In the beginning of this week’s Parsha we have the dramatic scene where Yehuda approaches Yosef (Bereishit 44:18):
“Then Yehuda approached him and said, “Please, my lord, let now your servant speak something into my lord’s ears, and let not your wrath be kindled against your servant, for you are like Pharaoh….”
It is clear from this verse that Yehuda is the focal point here, not Yosef – whose name is not even mentioned. At this crucial juncture in Jewish history which marks the reunification of the brothers and their move to Egypt, the central personality and name used here is Yehuda’s. Why is this the case?
In next week’s parsha, when Yaakov blesses his children, he blesses Yehuda with the following (Bereishit 49: 8):
“Yehuda, [as for] you, your brothers will acknowledge you. Your hand will be at the nape of your enemies, [and] your father’s sons will prostrate themselves to you”.
The Midrash (Bereishit Rabba 98) explains this verse as follows:
“Rabbi Shimon Bar Yochai said: ‘All of your brothers will be called by your name. After all, a Jew does not say “I am a Reuveini” or “I am a Shimoni”; but he does say “I am a Yehudi.”
To fully understand why we are called by Yehuda’s name, we need to delve into the meaning and essence of Yehuda’s name. When we look at Yehuda’s birth, we see that he is the first child where Leah expresses full gratitude to Hashem – without any expression of sadness and difficulty – as opposed to her first three sons:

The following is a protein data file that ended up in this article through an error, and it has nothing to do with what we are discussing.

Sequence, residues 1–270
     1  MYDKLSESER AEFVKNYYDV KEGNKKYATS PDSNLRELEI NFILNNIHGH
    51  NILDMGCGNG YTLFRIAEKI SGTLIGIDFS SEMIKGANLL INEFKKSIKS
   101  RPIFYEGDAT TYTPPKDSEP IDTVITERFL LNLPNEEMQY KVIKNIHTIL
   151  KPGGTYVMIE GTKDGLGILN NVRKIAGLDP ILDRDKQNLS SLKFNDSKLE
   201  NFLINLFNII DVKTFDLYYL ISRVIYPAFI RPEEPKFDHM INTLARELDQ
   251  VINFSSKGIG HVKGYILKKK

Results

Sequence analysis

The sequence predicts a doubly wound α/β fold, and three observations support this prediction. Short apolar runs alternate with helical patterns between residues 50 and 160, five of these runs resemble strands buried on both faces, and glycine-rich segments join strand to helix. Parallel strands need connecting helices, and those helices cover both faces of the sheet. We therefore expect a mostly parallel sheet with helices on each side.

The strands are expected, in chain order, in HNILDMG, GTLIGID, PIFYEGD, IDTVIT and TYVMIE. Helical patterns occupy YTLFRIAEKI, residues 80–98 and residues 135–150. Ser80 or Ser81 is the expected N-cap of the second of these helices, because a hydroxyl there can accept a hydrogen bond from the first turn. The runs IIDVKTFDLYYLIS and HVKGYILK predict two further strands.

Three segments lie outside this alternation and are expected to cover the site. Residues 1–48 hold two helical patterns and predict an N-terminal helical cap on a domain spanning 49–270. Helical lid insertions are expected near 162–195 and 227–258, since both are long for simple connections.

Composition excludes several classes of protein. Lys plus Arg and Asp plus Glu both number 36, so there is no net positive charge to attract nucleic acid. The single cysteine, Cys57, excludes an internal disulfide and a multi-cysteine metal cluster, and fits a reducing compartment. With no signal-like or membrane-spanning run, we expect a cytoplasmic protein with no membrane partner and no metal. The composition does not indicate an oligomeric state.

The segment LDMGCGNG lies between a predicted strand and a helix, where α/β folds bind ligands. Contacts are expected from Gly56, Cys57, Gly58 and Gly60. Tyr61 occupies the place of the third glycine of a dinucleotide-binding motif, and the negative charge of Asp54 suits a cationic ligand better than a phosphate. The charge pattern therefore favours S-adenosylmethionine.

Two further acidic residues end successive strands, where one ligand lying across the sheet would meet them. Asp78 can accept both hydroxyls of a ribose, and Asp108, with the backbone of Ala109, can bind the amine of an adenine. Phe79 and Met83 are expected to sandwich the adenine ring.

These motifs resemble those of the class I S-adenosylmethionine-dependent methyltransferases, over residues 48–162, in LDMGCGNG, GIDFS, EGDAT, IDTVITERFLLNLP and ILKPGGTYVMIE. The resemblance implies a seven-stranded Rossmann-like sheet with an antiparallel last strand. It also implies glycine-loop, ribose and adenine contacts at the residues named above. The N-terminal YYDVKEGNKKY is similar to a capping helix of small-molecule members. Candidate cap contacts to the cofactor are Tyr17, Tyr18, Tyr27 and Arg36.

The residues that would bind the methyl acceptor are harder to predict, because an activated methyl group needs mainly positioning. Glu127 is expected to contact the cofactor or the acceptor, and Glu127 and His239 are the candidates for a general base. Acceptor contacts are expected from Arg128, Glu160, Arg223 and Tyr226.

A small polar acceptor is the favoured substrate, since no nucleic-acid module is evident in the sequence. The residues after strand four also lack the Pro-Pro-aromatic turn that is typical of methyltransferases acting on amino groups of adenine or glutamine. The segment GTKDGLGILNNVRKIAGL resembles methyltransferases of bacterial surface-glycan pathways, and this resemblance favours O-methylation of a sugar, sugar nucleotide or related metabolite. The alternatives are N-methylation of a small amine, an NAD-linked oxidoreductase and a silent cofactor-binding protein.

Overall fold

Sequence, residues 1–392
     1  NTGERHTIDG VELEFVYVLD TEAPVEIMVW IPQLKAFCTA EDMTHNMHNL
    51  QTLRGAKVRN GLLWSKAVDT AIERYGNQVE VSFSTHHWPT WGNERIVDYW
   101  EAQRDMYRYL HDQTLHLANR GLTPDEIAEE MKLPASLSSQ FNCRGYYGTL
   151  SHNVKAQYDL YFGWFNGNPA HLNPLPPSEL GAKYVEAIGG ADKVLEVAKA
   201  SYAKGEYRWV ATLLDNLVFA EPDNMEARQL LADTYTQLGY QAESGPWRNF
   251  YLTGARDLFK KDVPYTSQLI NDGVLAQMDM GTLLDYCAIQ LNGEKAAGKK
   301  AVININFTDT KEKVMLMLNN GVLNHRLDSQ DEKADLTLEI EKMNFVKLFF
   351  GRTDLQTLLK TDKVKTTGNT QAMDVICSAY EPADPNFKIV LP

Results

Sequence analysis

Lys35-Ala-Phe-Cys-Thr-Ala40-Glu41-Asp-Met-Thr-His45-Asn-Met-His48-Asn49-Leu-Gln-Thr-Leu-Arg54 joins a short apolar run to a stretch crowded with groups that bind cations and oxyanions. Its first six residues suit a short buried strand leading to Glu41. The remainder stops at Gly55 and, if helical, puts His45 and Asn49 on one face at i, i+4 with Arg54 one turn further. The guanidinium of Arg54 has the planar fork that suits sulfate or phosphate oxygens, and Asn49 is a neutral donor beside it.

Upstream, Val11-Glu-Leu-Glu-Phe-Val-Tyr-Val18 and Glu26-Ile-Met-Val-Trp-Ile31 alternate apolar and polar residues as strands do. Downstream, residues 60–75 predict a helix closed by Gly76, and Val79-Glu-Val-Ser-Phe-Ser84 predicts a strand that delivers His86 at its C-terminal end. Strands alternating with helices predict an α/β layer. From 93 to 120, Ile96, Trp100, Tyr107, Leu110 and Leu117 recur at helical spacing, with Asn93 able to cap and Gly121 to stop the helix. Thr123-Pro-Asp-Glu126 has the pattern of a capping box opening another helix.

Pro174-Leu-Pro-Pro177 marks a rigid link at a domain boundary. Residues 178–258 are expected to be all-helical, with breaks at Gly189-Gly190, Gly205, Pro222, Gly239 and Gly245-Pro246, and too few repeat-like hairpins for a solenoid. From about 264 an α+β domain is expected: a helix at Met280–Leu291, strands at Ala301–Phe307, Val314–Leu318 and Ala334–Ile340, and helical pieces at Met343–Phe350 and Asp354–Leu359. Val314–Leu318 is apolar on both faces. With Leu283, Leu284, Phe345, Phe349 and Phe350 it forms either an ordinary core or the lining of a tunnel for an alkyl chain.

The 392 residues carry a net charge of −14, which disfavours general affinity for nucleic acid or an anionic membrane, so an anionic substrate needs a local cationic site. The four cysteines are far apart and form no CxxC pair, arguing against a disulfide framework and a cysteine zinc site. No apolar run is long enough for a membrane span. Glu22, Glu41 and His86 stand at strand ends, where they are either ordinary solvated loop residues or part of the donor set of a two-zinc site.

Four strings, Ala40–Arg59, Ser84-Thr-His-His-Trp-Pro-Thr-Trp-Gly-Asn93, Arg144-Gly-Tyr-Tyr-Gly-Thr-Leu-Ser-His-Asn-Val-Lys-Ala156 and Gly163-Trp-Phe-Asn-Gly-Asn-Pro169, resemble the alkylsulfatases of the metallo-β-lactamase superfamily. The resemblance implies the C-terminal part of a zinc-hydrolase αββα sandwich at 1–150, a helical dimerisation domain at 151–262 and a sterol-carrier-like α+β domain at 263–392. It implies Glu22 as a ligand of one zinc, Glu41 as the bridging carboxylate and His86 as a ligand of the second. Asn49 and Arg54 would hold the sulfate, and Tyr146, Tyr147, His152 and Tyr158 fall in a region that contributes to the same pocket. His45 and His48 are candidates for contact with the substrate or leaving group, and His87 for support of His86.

“And she conceived again and bore a son, and she said, “This time, I will thank Hashem! Therefore, she named him Yehuda, and [then] she stopped bearing.”
The Sefat Emet (Vayigash 5631/1870) explains the true meaning of the word hoda’ah (which Yehuda’s name stems from in the above verse) as follows:
“Then Yehuda approached him: The idea of hoda’ah / gratitude is a trait found in every Jew. My grandfather the Chiddushei HaRim explained that we are called Yehudim because we are grateful to and acknowledge Hashem’s involvement and kindness in every aspect of our lives. And it is through this acknowledgment that we are able to approach every challenge in our lives. In this verse Yehuda was really approaching Hashem (Vayigash Eilav), and through this he drew the strength to approach Yosef and stand up for his brothers.”
This is the reason we Jews begin our day with “Modeh Ani” and Birchot Hashachar – showing gratitude to Hashem for all His kindness. It is interesting that modern psychology recognizes the importance of gratitude for mental health. Dr. Tal Ben Shahar mentions in his book “Happier” the following: “In research done by Emmons & McCullough, those who kept a daily gratitude journal – writing down at least five things for which they were grateful – enjoyed higher levels of emotional and physical well-being”.
May we all be able to connect to this innate trait, and always double our enjoyment of Hashem’s kindness through gratitude!